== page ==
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Limited Laparoscopic Myomectomy in Canada


 

LAS VEGAS — Only 25% of Canadian gynecologists perform laparoscopic myomectomy, and 71% cite lack of appropriate training as the main barrier to performing the procedure.

These are the key findings from the first survey to address current Canadian practice patterns regarding laparoscopic myomectomy, Dr. Rose Kung said at the annual meeting of the AAGL.

In a study led by her associate, Dr. Grace Liu of the department of obstetrics and gynecology at Sunnybrook Health Sciences Centre, Toronto, the researchers distributed surveys to 1,257 members of the Society of Obstetricians and Gynaecologists of Canada in April 2007. Of the 485 respondents who practice gynecology, 462 (95%) perform surgery, 444 (92%) perform laparoscopic surgery, and 385 (79%) perform abdominal myomectomies, yet only 119 (25%) perform laparoscopic myomectomies. Of these 119 respondents, only 15 (13%) use this approach for the majority of their cases.

The top three deterrents to performing laparoscopic myomectomy reported by the 119 respondents who use the procedure were the presence of an intramural fibroid (81%), a fibroid greater than 5 cm in size (54%), and more than three fibroids (54%), said Dr. Kung, also of the Sunnybrook Health Sciences Centre.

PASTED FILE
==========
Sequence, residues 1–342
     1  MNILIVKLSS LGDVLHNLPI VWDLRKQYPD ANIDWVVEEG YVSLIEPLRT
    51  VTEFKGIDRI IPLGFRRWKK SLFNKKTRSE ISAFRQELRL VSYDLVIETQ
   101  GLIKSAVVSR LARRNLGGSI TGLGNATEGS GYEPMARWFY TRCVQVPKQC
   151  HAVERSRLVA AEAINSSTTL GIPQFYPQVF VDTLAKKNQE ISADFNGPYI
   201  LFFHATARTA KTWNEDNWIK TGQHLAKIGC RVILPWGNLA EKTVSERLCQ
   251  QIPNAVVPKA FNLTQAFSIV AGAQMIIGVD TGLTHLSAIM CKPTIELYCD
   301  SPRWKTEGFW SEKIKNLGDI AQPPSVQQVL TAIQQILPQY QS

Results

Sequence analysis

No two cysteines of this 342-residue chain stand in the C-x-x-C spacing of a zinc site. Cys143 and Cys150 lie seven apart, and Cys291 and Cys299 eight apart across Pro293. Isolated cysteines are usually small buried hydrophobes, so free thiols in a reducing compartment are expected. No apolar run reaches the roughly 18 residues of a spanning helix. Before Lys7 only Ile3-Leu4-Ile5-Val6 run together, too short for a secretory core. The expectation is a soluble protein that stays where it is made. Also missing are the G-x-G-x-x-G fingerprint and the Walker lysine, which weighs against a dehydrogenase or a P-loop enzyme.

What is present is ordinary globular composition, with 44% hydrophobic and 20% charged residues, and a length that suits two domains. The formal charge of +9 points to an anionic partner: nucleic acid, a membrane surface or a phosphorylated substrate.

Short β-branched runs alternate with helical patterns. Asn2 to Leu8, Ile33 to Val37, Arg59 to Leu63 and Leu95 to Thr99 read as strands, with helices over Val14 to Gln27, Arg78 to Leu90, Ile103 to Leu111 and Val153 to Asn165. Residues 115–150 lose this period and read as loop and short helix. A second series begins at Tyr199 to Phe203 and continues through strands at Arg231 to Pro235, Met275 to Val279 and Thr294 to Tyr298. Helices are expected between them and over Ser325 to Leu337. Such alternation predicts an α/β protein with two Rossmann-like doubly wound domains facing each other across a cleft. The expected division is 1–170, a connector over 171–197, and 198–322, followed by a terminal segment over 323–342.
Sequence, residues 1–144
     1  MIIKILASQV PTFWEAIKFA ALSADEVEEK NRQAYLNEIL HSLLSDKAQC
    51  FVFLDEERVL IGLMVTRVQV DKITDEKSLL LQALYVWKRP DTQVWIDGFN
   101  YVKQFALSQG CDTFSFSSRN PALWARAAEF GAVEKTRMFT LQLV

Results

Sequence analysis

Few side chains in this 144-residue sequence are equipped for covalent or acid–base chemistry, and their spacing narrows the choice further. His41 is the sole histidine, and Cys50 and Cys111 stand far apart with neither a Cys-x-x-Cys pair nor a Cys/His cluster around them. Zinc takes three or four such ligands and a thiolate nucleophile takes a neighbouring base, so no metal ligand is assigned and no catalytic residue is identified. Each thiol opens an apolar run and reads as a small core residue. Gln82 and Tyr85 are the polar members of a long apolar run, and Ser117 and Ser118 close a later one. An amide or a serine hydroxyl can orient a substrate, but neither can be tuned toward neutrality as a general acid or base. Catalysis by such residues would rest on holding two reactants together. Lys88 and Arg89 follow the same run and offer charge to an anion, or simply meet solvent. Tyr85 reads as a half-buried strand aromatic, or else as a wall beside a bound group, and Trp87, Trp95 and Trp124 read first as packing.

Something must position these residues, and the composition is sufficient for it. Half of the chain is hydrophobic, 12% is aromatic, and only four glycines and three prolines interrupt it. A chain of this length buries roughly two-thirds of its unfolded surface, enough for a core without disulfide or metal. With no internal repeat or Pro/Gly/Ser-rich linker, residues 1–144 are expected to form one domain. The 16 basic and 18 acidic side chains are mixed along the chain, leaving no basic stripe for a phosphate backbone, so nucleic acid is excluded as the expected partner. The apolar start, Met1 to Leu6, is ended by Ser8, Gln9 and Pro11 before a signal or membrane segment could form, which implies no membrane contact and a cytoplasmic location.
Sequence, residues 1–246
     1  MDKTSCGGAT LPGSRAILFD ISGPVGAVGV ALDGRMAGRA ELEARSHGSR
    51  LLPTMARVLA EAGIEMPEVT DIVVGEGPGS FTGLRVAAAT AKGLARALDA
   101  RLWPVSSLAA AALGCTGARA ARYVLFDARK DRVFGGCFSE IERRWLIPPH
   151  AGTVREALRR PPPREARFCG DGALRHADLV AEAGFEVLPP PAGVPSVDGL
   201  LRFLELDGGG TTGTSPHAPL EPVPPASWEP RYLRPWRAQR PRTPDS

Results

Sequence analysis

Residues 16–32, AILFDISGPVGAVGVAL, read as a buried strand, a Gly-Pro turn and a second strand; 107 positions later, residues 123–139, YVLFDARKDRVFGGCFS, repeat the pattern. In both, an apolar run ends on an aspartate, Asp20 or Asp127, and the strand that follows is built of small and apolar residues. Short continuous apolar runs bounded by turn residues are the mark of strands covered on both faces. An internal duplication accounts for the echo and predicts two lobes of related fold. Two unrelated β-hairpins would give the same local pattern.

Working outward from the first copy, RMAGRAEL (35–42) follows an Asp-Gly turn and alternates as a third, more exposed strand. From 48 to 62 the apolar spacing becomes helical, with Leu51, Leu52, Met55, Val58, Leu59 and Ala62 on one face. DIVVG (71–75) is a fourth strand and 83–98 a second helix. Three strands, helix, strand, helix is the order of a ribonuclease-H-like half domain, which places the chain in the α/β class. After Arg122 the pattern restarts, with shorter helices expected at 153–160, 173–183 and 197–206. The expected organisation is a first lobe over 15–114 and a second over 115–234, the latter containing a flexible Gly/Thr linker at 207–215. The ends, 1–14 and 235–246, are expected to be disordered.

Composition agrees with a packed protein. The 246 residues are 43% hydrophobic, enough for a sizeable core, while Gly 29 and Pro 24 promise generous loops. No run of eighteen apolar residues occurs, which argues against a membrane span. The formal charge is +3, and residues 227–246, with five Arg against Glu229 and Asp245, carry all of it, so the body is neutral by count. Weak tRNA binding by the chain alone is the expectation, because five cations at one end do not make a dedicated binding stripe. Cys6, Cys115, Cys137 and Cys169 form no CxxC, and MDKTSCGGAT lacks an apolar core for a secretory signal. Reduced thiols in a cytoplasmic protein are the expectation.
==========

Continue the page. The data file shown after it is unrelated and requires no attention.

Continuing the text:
Among the 485 respondents overall, fewer than half of the respondents (44%) said that they have referred patients to another gynecologist for laparoscopic myomectomy. The most common reason for not referring was uncertainty as to who would be performing the procedure (33%); other reasons given by those surveyed included insufficient evidence to support the procedure (30%), a belief that the complication rate is higher with the procedure (21%), and a preference for operating on their own patients (18%).

When the respondents were asked to compare their perceptions of laparoscopic myomectomy with abdominal myomectomy, the majority indicated they believe that laparoscopic myomectomy confers a faster recovery time, less adhesion formation, and a comparable myoma recurrence rate. Most respondents were unsure about whether there were differences in outcome between the two procedures in terms of blood loss, postprocedure fertility rate, and uterine rupture risk.

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